Besides offering a fantastic opportunity to hone focus, coordination, determination and taking turns, lawn games are just plain fun. Set them up close together for the littles and spread them out when Mom and Dad get in on the action. With their low profile and rope rings, they're great for indoors as well.

$30

Balance board

Plan Toys balance board

Balance boards are a fabulous way to get the wiggles out. This one comes with a rope attachment, making it suitable for even the youngest wigglers. From practicing their balance and building core strength to working on skills that translate to skateboarding and snowboarding, it's a year-round physical activity that's easy to bring inside and use between Zoom classes, too!

$75

Detective set

Plan Toys detective setDetective Set

This set has everything your little detective needs to solve whatever mystery they might encounter: an eye glasses, walkie-talkie, camera, a red lens, a periscope and a bag. Neighborhood watch? Watch out.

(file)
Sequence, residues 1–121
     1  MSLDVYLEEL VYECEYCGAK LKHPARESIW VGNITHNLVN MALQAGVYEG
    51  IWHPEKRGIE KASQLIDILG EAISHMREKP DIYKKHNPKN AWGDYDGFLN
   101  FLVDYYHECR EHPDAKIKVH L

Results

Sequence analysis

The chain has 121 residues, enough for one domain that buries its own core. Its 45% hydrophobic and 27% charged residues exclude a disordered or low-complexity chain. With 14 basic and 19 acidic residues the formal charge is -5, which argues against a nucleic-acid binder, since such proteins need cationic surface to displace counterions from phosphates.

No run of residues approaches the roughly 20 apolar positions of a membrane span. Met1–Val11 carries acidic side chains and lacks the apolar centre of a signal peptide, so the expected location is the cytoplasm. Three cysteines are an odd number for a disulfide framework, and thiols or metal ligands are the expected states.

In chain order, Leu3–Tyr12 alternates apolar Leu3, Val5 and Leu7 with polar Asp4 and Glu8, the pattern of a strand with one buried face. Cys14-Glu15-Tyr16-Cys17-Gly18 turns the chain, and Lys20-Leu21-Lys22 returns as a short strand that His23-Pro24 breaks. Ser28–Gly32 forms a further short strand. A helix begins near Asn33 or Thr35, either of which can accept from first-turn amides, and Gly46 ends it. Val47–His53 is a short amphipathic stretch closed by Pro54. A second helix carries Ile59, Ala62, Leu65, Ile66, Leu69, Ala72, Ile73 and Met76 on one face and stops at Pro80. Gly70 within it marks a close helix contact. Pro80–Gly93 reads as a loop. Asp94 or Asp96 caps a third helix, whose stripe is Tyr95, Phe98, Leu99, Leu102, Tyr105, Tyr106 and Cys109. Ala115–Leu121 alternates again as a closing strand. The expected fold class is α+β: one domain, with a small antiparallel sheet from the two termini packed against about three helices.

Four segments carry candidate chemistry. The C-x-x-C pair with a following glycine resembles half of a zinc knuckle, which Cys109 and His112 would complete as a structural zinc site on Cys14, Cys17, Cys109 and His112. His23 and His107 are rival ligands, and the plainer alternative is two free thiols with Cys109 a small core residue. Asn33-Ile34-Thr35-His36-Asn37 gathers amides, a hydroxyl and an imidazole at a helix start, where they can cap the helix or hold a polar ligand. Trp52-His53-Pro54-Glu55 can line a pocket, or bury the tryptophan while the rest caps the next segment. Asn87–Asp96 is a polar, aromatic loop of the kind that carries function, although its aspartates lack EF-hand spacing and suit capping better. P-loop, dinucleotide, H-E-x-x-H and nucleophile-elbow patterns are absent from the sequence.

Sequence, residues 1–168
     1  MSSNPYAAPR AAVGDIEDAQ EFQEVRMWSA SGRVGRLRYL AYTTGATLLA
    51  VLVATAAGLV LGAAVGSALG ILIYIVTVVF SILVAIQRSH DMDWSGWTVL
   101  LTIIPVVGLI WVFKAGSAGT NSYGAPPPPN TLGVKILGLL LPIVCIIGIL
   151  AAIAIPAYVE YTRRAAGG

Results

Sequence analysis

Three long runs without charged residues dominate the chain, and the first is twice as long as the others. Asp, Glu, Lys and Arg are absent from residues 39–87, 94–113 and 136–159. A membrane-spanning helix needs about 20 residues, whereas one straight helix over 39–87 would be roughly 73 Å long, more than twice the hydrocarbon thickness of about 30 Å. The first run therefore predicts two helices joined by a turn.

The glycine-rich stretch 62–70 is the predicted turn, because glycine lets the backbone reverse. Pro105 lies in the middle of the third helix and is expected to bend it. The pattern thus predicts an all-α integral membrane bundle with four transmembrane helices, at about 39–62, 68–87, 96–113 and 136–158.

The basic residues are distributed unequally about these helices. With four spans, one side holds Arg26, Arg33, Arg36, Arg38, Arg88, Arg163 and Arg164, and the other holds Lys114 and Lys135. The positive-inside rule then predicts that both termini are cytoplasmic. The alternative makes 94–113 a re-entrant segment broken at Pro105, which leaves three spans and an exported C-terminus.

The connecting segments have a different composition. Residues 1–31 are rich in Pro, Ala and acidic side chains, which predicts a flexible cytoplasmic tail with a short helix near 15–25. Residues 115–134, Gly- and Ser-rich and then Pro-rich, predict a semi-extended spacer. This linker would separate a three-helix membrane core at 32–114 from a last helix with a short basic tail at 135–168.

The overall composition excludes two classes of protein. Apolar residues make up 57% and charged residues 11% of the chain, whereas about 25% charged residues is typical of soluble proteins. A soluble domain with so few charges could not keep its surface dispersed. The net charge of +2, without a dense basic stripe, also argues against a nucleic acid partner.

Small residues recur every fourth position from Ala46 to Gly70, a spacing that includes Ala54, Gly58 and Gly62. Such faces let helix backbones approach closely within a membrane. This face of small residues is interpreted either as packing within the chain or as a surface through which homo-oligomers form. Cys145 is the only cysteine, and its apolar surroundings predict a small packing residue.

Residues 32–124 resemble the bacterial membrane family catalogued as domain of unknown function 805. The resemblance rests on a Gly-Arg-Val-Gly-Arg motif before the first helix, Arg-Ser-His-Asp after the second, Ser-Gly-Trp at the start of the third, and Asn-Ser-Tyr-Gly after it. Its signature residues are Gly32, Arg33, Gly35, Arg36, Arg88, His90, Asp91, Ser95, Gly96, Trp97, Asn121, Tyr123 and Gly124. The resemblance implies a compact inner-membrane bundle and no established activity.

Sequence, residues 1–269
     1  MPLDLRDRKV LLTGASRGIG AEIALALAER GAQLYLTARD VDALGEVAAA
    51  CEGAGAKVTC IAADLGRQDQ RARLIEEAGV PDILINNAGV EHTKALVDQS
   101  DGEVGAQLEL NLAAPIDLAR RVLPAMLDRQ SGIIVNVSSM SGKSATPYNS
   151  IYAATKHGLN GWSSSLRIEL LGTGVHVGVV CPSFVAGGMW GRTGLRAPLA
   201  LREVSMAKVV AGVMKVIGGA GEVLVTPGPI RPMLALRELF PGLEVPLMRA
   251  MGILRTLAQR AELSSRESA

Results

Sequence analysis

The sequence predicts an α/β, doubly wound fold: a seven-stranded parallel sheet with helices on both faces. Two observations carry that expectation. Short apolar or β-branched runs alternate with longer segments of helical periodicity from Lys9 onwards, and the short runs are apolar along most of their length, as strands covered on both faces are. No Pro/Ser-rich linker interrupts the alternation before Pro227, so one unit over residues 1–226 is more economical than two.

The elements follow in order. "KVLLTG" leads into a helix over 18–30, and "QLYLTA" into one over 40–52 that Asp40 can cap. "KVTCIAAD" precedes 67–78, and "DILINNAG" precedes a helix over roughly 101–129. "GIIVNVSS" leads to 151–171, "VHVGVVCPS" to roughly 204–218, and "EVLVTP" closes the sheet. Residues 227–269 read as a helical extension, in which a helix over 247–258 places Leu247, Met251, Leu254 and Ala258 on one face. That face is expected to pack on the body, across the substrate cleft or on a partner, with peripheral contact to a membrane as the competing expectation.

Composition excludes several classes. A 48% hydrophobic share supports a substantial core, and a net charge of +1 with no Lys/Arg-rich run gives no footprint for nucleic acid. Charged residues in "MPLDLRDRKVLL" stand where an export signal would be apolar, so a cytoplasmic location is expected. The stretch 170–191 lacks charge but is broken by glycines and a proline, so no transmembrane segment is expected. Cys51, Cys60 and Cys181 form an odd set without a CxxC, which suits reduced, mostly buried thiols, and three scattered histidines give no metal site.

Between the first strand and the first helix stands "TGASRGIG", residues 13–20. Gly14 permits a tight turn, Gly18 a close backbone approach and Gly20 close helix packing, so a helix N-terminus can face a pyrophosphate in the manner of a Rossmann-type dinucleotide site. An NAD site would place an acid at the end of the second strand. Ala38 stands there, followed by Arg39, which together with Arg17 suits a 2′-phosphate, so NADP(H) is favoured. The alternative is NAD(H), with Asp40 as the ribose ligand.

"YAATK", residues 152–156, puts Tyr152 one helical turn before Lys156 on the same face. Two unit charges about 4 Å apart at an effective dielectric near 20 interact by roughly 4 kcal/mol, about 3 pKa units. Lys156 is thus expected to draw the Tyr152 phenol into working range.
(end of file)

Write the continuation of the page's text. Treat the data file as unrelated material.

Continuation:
$40

Wooden doll stroller

Janod wooden doll strollerWooden Doll Stroller

Take their charges on a stroll around the block with this classic doll stroller. With the same versatility they're used to in their own ride, this heirloom quality carriage allows their doll or stuffy to face them or face the world.

$120

Sand play set

Plan Toys sand set

Whether you're hitting the beach or the backyard sandbox, this adorable wooden sand set is ready for action. Each scoop has an embossed pattern that's perfect for sand stamping. They're also totally suitable for water play in the wild or the bathtub.